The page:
As another New Year begins, it’s time to consider how PR will change in 2012.
PR is one of the fastest-paced – and fastest changing – industries in the world. The evolving role of the Internet, social networks and new technology affects how people digest news. PR professionals need to respond to this change to ensure clients’ messages reach their intended audience.
So what will happen next year? Here are our predictions:
Content: As the saying goes, ‘Content is King’. This will remain true in 2012. Brands, PRs and journalists alike will strive to source or create unique and compelling content that can be shared, ‘liked’, or re-tweeted via social networks.
Exclusives: Given that breaking news is posted instantaneously online, we expect an increased demand for ‘exclusives’ from print publications. Holding a story until the morning is becoming ever-more important for newspapers.
Print won’t die: There has been much speculation about ‘the death of the newspaper’. This won’t happen in 2012, if ever. People love flicking through a newspaper on a Sunday; the experience cannot be replicated online.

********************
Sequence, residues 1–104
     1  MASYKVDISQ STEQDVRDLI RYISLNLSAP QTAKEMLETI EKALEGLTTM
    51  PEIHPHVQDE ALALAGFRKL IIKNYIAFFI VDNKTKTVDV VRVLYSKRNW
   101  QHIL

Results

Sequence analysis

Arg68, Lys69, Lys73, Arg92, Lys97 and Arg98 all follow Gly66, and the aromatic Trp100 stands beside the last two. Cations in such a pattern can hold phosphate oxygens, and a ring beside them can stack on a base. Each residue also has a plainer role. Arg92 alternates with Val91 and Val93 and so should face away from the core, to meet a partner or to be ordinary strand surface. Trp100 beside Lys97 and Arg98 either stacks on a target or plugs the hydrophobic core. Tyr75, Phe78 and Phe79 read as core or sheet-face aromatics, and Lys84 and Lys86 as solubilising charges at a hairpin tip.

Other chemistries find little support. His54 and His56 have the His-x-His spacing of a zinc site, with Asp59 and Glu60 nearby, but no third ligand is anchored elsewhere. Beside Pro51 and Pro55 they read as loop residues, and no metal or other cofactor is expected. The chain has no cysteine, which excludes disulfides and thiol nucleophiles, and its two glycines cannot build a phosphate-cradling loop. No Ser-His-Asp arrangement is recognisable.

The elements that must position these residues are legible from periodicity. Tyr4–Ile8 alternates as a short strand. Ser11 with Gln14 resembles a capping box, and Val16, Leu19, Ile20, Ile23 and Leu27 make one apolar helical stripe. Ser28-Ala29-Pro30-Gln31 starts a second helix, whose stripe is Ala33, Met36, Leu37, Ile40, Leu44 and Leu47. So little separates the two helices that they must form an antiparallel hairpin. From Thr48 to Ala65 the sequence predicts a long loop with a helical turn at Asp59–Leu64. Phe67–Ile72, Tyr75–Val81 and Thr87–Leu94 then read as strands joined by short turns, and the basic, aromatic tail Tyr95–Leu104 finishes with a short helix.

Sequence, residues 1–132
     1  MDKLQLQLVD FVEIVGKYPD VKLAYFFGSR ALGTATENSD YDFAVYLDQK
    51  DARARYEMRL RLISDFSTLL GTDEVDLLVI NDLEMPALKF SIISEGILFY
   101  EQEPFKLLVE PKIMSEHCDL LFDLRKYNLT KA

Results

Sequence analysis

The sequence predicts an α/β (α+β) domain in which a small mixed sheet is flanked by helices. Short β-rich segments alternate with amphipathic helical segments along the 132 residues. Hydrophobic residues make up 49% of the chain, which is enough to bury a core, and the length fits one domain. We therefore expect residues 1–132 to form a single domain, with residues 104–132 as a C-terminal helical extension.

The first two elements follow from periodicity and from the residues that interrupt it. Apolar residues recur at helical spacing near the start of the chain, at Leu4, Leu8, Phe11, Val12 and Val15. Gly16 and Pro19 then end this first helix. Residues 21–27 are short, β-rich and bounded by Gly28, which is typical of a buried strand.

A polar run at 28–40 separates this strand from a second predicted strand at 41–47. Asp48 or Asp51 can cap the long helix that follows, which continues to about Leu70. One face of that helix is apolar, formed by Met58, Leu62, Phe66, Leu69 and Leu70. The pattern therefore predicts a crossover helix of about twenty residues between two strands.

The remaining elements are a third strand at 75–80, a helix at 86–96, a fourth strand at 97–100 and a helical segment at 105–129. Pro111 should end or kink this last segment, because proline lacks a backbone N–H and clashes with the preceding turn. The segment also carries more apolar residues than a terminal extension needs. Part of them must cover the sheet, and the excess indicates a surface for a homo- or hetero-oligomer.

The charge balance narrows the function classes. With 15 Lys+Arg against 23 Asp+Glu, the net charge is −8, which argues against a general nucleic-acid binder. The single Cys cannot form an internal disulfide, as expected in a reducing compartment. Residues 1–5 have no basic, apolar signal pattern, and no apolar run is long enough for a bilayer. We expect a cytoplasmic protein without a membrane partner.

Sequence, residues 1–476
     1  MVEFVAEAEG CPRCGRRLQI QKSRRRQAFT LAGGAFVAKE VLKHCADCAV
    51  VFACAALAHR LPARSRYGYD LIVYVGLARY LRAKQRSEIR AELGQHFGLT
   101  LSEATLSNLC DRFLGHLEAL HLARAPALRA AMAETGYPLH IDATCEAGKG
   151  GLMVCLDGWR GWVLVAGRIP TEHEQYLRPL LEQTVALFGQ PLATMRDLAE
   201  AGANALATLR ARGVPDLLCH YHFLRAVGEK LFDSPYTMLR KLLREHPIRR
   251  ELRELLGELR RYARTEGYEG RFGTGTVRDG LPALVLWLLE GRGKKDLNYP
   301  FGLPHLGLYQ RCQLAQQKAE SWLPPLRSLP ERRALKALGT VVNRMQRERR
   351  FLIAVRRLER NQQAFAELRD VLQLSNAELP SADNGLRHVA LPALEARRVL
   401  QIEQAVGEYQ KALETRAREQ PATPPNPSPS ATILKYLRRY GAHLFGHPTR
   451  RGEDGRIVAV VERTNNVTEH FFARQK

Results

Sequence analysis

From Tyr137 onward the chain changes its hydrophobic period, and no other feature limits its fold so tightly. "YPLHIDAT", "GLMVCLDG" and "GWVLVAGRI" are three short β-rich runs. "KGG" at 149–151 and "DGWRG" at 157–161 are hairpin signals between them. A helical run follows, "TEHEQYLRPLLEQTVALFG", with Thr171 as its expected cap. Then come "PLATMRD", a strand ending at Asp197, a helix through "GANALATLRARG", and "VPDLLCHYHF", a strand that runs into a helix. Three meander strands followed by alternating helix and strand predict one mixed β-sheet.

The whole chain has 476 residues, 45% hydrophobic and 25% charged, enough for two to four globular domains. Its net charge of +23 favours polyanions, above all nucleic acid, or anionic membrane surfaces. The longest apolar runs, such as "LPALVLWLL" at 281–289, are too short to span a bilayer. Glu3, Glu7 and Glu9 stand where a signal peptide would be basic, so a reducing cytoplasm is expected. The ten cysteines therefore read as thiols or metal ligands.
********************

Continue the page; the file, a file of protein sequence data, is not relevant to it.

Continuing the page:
Online content may come at a cost: The Wall Street Journal and The Times are trialling ‘paid-for’ only access to their online content. Given the current dependency on advertising and the looming double-dip recession, we may see Canadian newspapers follow suit to increase their cash flow.
Consumer power: Consumers now have a platform to quickly and collectively lobby companies via social networks; expect to see them capitalize on this opportunity with increasing frequency.
Crises: With the increasing speed of information dissemination, the number and pace of crises will intensify. Companies that do not respond immediately will be criticized.
ROI: The need to demonstrate ROI will increase with the uncertainty of the economy; budgets will tighten and C-suite executives will want clear evidence of ROI before investing further in PR. New tools for measurement may be developed as a consequence.
Pitching: Expect to pitch to journalists more regularly via Twitter and Google Plus; it’s an easy way to get journalists’ attention.
Gadgets: Tablets, particularly the iPad, are changing the way people read news. More magazines will develop apps where readers can interact with the content (e.g. clicking on a revolving image to get a 360 degree perspective).
Government regulations: Expect greater transparency in lobbying activity, particularly in British Columbia. This follows a public education campaign by the Office of the Registrar of Lobbyists raising awareness of the hefty fines lobbyists face for not registering their undertakings.
Do you have other predictions to add?